The keelmen strike of 1819 was given an extra edge as it occurred shortly after the massacre at 'Peterloo' in Manchester. It also coincided with the great meeting of political reformers on Newcastle Town Moor on 11 October.
While the authorities and coal owners feared the strike would lead to general disorder, many of the keelmen were incensed at the treatment of working people at Peterloo and were fired up by the reforming zeal of the speakers at the 11 October meeting. On the 14 October the authorities, headed by the Mayor of Newcastle Archibald Reed, decided on a show of force. The mayor headed downstream in a steam vessel that was accompanied by a number of naval boats, some containing marines. At the same time the coal owners with the protection of naval support tried to break the strike by using blackleg labour to load some keels, but a large demonstration of keelmen throwing missiles at the keels made the operation both dangerous and difficult. As the keels proceeded downriver missiles continued to rain down on them. The exercise was called off.
Meanwhile the mayor had reached North Shields to be met by another large demonstration on the New Quay. Landing at the quay the mayor's party tried to push their way through the crowd who responded by throwing stones at the boats. The mayor now ordered the arrest of one of the stone throwers but this infuriated the crowd who continued stoning the boats. The marines responded by firing into the crowd, mortally wounding one of the demonstrators, Joseph Cleckson. Fearing for their lives the mayor and his party retreated to the Northumberland Arms with Cleckson, who was now their prisoner.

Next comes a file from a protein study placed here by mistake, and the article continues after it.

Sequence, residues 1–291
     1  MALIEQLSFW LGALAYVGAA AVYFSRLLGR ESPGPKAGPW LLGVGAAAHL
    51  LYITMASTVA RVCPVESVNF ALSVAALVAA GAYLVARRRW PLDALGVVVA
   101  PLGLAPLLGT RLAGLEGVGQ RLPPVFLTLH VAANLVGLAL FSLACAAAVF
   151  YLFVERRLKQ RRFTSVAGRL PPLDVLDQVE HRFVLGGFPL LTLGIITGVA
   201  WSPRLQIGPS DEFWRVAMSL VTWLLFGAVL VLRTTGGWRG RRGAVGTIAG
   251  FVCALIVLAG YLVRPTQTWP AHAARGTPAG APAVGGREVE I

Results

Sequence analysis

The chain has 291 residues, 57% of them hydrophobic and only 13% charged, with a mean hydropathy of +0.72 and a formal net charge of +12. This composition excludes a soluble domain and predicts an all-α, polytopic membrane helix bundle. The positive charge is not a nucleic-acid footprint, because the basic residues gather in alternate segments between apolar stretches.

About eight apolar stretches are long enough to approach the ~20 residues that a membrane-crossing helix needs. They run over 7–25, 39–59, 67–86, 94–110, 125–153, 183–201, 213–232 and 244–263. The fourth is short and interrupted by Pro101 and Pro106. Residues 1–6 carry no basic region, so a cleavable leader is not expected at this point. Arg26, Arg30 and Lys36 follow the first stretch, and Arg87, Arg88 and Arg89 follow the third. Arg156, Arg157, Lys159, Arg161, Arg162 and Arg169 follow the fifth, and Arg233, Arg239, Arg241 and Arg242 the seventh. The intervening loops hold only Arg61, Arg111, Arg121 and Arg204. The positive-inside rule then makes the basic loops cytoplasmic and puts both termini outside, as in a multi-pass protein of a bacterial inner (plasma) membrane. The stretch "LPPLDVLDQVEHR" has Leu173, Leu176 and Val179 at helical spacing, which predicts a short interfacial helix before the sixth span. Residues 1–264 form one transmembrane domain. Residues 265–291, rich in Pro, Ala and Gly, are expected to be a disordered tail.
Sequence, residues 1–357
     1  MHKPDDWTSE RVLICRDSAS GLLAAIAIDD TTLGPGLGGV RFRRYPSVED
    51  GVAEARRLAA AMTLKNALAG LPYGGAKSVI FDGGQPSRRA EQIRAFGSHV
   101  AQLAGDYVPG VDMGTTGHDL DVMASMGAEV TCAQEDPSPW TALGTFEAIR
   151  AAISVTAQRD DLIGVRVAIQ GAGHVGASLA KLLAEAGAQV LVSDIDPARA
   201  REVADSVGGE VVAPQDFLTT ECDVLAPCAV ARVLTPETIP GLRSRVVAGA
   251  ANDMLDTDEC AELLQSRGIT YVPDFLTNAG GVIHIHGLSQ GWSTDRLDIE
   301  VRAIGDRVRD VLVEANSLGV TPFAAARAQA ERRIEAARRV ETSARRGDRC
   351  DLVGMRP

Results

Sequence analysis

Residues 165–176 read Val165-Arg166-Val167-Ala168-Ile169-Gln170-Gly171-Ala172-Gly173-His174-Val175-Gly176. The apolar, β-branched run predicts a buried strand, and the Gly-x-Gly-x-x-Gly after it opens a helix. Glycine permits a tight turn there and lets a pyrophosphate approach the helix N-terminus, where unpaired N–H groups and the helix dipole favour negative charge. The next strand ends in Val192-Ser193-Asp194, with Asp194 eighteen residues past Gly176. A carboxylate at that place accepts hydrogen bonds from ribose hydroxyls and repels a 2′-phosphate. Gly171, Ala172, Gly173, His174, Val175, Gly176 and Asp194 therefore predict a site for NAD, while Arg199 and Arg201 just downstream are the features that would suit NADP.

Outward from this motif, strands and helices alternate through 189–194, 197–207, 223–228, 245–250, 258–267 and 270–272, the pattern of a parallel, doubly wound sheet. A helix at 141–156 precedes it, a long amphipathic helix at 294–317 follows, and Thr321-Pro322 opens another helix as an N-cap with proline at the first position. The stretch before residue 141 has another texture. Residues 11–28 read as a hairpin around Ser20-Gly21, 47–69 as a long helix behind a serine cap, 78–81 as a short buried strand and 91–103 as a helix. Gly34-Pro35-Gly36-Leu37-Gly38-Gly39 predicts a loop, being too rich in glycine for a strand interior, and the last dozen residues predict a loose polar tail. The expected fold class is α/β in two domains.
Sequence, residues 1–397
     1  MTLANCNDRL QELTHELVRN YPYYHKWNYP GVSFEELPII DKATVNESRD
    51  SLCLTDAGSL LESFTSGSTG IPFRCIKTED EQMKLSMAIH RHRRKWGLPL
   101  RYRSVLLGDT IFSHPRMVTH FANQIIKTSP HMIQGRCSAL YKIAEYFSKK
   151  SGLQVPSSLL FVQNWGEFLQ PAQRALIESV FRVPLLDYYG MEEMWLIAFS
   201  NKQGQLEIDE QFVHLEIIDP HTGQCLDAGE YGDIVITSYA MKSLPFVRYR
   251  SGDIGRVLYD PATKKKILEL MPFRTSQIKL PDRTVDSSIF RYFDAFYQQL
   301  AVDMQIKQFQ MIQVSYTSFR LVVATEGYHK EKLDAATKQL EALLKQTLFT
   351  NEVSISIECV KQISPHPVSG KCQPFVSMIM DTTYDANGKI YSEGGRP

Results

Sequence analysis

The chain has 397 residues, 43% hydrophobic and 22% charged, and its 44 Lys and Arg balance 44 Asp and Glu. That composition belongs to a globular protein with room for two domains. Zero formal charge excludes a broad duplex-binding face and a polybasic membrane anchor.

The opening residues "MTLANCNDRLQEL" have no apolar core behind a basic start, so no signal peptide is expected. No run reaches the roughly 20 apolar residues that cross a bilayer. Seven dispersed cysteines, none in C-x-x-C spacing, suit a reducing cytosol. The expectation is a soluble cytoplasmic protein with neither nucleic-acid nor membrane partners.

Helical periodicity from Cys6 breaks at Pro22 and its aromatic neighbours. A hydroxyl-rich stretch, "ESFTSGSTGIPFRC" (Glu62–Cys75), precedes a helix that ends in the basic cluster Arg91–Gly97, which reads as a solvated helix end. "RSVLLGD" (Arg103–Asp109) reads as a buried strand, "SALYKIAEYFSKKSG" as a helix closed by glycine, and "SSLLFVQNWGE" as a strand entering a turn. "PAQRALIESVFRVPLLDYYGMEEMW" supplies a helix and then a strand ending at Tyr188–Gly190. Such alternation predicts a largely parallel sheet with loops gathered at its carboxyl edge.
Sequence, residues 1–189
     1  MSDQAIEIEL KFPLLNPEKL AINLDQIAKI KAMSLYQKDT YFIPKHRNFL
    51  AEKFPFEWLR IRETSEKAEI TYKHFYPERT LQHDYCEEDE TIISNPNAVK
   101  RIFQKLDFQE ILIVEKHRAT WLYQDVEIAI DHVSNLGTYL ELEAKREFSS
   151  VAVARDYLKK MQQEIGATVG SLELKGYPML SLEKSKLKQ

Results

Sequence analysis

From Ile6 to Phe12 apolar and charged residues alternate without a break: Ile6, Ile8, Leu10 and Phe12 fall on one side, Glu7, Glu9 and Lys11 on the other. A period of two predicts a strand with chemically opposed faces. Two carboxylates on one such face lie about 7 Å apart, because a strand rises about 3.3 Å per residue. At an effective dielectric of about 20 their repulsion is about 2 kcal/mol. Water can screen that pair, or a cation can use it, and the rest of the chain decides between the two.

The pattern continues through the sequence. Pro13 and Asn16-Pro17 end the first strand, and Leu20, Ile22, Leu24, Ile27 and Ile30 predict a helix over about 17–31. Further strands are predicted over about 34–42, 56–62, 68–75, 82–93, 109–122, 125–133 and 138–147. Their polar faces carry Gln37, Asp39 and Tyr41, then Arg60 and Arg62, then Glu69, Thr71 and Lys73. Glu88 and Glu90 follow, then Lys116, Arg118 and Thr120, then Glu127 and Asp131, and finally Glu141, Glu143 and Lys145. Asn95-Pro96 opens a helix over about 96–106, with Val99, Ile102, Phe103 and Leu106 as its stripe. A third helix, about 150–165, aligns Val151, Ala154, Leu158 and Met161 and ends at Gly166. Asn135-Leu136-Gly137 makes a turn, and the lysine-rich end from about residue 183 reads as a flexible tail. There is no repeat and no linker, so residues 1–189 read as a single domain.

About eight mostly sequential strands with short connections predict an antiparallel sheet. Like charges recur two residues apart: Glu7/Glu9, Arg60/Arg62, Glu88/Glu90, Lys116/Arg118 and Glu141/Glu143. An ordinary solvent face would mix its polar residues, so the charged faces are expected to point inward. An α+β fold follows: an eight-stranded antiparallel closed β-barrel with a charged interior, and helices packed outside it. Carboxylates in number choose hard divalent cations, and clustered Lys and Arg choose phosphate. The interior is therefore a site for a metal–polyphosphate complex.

The crowd then turned their attention to their Northumberland Arms demanding the release of the prisoner, which they succeeded in doing. While they were celebrating this small victory the mayor and his party escaped through the backdoor and succeeded in making their way back to Newcastle. The crowd broke into the Inn and sacked the place and went on to take over the streets of North Shields until a party of the Sixth Dragoon Guards from Newcastle Barracks arrived and cleared the streets. For the next few days the cavalry continued to patrol the streets of North Shields where there was the occasional outbreak of disorder and violence, especially after the verdict of the inquest into the shooting of Joseph Cleckson was given as Justifiable Homicide.